Rumour has it that the scientists from EPFL and their co-partners at the UMC Utrecht have figured out a way to replicate live tissue cells in record time. Their super fast sculpting process is said to revolutionise tissue engineering forever.
Bioprinting is the literal name for a process that combines biomaterials (e.g. tissues and cells) to sculpt living tissues that mimic natural tissues. The current method is a time-consuming process that builds this structure one layer at a time.
Why is the new project a game changer in this field?
The researchers from the respective medical institutes have improvised this practice by developing a high-tech optical method for replication. It works like a typical 3-D laser printer by projecting the original article (in this case a living tissue) onto the output tray. The only difference is that this smart 3-D printer is molding replicas of human tissues instead of art projects.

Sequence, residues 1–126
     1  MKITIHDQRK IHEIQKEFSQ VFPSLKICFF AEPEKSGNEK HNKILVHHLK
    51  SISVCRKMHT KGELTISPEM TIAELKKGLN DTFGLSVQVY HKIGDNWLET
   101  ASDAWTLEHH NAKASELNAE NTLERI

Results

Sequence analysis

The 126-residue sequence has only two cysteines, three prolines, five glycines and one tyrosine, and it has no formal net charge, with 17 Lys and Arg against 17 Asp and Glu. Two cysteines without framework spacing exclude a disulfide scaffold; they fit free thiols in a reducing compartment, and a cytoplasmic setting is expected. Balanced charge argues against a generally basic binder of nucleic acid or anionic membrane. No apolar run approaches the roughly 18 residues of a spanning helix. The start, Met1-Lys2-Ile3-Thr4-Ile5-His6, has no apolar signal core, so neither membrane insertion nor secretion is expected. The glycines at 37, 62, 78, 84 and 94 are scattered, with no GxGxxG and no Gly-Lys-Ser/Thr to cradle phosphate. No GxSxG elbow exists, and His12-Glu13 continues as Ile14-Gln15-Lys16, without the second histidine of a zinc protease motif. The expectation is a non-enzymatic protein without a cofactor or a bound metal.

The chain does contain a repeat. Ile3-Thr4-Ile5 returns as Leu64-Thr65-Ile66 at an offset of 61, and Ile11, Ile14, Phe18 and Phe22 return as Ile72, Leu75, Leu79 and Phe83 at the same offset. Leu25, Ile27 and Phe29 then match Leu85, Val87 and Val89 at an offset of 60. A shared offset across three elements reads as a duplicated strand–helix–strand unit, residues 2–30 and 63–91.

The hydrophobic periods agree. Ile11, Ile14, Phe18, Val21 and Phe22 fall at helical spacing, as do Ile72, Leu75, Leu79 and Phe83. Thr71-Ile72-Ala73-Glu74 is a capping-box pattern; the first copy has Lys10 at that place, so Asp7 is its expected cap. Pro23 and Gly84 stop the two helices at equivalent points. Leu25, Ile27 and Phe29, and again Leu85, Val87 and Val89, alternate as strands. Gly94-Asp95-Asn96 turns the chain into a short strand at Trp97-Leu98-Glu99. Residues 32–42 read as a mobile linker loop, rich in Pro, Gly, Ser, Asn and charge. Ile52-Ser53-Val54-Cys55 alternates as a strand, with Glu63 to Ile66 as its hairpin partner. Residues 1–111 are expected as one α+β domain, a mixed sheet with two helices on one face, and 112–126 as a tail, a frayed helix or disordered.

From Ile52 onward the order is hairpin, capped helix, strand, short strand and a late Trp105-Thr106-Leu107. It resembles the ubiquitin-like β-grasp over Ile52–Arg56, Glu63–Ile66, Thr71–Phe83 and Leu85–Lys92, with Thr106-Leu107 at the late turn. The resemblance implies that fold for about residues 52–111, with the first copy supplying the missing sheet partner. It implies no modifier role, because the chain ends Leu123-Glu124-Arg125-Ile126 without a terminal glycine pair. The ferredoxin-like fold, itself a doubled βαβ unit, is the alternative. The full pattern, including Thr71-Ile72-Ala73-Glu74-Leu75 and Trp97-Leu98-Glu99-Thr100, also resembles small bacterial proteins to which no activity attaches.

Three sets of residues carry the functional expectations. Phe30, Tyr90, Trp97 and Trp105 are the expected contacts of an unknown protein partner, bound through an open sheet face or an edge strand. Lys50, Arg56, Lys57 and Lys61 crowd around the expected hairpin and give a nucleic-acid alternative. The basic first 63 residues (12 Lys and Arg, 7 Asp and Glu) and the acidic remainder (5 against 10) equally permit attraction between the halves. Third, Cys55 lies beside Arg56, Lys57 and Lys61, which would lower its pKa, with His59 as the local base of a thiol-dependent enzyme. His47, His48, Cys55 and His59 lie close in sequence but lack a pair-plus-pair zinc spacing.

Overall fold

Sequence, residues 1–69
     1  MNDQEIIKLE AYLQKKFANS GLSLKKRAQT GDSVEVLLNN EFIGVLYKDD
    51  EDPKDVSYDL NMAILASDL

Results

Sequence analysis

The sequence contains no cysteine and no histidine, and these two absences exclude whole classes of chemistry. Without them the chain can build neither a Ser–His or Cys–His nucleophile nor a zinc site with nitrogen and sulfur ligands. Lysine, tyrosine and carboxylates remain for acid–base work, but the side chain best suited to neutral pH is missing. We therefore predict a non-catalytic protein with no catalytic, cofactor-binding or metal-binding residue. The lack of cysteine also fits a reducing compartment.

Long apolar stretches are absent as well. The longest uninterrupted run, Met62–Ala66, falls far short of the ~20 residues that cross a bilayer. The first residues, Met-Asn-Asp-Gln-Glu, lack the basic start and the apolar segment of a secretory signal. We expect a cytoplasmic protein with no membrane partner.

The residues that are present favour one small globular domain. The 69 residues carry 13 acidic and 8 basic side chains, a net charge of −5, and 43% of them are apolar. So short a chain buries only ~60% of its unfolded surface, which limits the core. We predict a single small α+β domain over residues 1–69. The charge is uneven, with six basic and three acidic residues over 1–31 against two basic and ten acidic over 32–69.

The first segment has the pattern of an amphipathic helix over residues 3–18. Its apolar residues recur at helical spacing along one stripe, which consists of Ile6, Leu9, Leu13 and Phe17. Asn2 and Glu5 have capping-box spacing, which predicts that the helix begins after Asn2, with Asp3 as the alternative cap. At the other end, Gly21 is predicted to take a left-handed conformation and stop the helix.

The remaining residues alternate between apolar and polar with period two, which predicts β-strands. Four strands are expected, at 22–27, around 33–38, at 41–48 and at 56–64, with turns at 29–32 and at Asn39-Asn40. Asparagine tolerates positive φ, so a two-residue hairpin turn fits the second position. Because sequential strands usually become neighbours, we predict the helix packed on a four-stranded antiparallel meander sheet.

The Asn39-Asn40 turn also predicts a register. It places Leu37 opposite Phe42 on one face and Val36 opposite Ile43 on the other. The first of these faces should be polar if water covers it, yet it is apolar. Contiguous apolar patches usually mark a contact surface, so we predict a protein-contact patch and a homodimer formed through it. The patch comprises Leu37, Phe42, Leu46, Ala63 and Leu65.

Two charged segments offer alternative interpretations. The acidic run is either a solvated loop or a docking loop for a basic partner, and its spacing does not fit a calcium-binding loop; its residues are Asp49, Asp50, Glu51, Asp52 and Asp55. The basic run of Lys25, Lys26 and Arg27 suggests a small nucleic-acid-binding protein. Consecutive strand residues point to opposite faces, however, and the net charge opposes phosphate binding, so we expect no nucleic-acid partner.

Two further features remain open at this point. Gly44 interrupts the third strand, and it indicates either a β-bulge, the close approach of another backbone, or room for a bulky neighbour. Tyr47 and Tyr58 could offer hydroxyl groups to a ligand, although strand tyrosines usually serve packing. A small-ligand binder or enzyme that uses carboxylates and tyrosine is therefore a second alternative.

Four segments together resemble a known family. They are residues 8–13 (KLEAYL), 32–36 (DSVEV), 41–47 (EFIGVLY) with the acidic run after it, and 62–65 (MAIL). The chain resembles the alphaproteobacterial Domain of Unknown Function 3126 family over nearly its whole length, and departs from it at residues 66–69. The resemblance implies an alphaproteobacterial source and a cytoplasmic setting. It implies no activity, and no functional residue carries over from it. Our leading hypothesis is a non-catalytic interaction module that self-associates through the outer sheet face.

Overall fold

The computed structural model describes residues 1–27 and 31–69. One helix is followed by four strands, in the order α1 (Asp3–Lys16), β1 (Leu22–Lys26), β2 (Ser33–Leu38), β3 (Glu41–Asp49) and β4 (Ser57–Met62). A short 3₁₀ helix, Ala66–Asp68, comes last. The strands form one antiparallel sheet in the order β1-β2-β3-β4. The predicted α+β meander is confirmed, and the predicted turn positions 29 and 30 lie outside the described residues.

How does this work?
Their high-tech printer starts scanning the real tissues from one end. On the other, a super fast laser starts projecting its rays on a spinning tube. The vessel is filled with a ‘hydrogel full of stem cells’. The device starts creating a hollow mould of the tissue by localising the laser’s energy at specific points. The high-energy solidifies the hydrogel to form a 3-D shape in a few seconds.
Once the model is complete, all that’s left to do is to create vessels by introducing endothelial cells to the structure. So far, the researchers have managed to replicate complex sections of the femur, a meniscus, and valves similar to the ones present inside the cardiac chambers.
Despite the fact that the product is still at its initial stage, the researchers are hopeful that their final product could be implemented in various areas of medical science. The most important ones are tissue repairs, drug tests, and organ replacements. You will no longer need to wait for the perfect donor before these surgeries. Moreover, its implication can very well reduce the need for animal testing or experimentation.
Overall, volumetric bioprinting is the key to optimising and personalising tissue engineering. It’s definitely a step towards a better future. Stay tuned synched with Gamma Chat to find out more about developments medical science and the high-tech innovations that are changing the world.